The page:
“Organized Religion”

I’m not sure why, but I’ve been hearing the phrase “organized religion” a lot lately and it’s never a compliment.  

It’s typically said by people who have left the church they grew up in or who have never been a part of a church.  It is usually preceded by the words: “I don’t need” or “I’m not falling for.”

The idea is that spirituality is great; there’s no problem with that.  It is just that one can easily find that on one’s own.  You don’t need church or “organized religion” for that.  In fact, “organized religion” gets in the way.

Part of me—the part that is immersed in “organized religion”—finds this incredibly naive and disappointing.  Another part of me—the part that wants to find a point of connection—understands where this is coming from.

Maybe you feel this way about the church:  It is good and all, especially around the holidays, but it isn’t something you feel you need in your life in order to find God or your own sense of spirituality.  More than that, with all of its rules, scandals, and judgments the church is so far removed from what you believe God is about and what this world needs that you’ll pass, thank you very much.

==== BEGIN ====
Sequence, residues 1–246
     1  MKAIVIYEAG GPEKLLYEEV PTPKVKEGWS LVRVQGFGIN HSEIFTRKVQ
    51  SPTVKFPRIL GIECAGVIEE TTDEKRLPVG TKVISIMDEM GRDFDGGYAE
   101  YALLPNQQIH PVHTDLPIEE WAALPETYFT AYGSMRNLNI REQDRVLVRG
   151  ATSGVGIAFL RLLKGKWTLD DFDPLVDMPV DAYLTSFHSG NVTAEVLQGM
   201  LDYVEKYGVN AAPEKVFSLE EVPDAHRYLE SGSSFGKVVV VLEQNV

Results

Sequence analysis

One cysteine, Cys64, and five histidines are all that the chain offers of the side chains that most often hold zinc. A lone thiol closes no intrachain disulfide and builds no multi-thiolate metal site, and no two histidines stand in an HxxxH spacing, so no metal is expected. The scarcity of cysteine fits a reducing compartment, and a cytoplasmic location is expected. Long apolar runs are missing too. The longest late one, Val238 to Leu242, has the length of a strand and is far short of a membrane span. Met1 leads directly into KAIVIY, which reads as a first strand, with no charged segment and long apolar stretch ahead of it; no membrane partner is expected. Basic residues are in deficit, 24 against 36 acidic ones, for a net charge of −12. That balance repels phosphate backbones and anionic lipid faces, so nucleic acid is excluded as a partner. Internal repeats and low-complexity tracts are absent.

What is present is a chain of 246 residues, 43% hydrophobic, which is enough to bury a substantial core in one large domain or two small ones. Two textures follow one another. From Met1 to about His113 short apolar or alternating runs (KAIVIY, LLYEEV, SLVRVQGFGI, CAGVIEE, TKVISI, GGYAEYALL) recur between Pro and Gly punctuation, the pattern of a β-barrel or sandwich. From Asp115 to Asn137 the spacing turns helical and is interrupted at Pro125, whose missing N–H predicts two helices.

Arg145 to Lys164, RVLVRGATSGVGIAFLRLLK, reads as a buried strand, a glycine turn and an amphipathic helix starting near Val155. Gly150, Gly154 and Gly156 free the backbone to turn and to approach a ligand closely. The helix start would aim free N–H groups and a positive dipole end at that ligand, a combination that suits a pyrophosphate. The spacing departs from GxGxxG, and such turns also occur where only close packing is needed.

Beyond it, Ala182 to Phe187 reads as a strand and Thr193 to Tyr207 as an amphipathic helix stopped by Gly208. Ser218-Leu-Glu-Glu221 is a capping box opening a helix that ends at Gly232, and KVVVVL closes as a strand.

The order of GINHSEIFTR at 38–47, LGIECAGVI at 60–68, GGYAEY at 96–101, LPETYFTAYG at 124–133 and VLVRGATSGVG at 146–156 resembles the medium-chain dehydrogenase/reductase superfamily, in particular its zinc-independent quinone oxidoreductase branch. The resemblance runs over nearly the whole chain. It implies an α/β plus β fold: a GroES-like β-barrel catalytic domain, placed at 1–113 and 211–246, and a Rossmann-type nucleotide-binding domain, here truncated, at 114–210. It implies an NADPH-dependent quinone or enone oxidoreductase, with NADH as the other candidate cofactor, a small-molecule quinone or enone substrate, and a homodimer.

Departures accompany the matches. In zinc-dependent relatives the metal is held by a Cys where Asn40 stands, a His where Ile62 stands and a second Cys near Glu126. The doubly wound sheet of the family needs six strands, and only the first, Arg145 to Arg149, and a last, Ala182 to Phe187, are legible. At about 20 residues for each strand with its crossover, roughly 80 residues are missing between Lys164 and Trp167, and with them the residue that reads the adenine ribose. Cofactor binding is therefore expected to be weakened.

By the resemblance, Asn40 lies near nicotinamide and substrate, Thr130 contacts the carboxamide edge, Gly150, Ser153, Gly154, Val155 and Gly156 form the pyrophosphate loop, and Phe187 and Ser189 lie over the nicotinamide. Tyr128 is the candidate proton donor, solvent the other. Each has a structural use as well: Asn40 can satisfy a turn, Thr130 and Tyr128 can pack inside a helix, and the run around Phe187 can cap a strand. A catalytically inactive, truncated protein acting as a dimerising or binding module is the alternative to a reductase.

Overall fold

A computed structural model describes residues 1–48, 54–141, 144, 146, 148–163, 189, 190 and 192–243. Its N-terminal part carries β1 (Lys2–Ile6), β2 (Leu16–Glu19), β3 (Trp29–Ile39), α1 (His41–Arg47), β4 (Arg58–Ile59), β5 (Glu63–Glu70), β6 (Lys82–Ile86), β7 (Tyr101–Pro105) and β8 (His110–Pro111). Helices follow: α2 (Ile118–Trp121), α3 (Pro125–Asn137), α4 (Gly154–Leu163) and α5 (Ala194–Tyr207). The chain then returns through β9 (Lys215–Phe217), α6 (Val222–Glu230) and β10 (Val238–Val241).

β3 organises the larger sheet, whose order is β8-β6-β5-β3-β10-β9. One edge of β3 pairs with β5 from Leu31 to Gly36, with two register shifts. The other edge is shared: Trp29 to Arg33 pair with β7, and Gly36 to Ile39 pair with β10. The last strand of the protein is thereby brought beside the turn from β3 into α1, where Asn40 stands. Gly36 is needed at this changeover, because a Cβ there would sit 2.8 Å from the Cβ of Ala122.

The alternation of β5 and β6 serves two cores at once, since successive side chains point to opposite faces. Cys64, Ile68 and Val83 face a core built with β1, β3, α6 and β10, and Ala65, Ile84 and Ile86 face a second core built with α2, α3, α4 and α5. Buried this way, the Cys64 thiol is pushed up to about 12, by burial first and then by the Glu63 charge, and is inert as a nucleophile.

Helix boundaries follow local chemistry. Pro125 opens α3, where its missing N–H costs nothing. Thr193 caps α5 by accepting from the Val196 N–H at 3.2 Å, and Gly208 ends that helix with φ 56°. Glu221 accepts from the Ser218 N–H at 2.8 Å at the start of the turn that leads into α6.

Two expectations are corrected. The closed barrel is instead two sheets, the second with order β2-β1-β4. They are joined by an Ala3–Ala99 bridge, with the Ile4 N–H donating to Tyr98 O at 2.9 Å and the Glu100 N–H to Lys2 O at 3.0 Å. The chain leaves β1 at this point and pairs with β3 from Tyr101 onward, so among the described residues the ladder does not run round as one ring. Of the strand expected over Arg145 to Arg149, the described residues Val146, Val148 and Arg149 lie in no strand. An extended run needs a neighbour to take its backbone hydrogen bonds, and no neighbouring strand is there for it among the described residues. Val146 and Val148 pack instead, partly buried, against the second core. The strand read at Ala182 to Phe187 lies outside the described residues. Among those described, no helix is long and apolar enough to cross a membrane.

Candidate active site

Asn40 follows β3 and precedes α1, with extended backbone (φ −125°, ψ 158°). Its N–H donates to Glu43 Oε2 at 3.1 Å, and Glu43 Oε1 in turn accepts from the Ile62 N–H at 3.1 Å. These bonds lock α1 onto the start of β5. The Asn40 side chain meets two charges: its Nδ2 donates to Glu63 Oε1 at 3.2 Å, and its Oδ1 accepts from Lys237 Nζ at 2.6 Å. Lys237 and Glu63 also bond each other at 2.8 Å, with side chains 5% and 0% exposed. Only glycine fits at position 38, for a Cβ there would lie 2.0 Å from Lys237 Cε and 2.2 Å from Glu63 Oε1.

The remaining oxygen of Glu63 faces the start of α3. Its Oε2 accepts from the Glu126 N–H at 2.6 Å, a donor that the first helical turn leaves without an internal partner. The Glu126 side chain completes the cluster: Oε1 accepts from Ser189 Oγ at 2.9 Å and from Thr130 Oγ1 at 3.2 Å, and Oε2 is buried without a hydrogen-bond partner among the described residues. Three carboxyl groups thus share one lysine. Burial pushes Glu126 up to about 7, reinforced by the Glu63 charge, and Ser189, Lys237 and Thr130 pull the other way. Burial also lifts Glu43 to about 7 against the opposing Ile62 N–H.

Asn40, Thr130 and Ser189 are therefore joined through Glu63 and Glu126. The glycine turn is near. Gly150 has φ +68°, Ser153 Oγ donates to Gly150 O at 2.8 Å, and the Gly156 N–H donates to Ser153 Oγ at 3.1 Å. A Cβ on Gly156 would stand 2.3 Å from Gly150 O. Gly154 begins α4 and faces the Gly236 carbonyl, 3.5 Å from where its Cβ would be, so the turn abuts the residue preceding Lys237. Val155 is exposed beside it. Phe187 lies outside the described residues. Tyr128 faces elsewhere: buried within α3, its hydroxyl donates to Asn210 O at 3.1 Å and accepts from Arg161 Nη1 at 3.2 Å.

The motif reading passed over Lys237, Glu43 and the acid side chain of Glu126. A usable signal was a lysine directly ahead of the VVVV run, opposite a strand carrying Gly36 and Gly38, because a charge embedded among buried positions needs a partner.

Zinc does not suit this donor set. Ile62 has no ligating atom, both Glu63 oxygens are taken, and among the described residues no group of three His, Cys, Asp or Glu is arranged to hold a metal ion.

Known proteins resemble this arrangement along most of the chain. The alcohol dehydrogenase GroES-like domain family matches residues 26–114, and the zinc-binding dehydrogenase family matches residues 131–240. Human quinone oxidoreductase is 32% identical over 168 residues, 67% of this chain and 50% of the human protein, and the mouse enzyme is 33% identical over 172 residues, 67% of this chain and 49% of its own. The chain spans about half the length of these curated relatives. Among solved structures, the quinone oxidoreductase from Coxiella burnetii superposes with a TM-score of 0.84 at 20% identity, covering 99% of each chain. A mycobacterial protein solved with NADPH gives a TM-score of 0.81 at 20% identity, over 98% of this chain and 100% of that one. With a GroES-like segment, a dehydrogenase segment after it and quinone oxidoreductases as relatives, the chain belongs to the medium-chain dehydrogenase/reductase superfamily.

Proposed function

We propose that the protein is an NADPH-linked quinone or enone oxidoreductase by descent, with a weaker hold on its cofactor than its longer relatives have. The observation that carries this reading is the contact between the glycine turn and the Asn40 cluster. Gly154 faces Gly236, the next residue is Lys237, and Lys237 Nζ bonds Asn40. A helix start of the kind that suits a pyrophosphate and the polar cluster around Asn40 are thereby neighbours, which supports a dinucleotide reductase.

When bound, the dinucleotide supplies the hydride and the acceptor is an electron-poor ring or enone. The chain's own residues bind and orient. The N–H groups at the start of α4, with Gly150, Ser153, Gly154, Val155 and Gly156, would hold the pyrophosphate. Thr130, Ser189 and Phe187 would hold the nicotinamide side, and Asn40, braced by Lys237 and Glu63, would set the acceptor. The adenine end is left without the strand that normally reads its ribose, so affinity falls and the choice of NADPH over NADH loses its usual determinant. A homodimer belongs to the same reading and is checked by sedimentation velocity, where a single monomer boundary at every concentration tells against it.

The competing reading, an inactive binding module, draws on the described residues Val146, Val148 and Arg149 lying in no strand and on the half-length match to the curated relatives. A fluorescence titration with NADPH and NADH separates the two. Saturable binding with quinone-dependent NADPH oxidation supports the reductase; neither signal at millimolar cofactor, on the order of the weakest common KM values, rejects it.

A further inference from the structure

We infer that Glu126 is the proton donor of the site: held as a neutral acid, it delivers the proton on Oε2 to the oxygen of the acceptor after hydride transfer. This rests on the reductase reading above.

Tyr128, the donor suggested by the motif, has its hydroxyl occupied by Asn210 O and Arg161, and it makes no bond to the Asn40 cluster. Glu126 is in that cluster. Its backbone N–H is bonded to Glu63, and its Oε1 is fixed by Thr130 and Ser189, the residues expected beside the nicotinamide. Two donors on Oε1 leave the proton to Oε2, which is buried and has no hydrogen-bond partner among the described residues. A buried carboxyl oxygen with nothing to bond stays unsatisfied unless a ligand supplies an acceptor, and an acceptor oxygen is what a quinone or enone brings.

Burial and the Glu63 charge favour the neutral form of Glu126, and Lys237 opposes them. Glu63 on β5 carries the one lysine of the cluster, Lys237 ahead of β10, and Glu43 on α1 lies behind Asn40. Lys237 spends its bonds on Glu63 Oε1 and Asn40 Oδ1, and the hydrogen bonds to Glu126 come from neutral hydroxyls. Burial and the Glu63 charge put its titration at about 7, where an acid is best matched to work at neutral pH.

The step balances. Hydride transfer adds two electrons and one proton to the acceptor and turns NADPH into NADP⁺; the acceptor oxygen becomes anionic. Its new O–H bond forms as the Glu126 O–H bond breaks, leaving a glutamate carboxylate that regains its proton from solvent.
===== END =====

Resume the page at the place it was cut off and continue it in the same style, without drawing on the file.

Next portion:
And I get that.  Christianity and the church have been vehicles for all sorts of discrimination and violence throughout history.  Why would you want to be a part of that?

Well, the reason is because the opposite is also true: Christianity and the church have been vehicles for all sorts of social progress and peacemaking.  Why wouldn’t you want to be part of that?

Moreover, “organized religion” is anything but a monolith.  Sure, there are churches (a lot of them) that are entrenched in the past and seem to somehow delight in judging people.  But there are also a lot of churches where that is not the case; churches like ours where we strive to craft a community of faith that celebrates diversity and encourages a theology that welcomes questioning and doubt.

Can you find God on your own?  Sure you can.  It is just a lot harder to do and more limiting because without interaction with others who have different faith journeys and without clergy encouragement to consider and reconsider your own beliefs and go deeper, the God you find will be very narrow indeed.

“Organized religion” is not perfect by any means but I hate when our church is lumped in with very good reasons to avoid it.  FCC stands for inclusion, openness, non-judgementalism, and finding your own way in the context of Christian community.

In fact, I’m betting that even those who rail against “organized religion” would find a home here.

See you in church,

–Rev. Dominic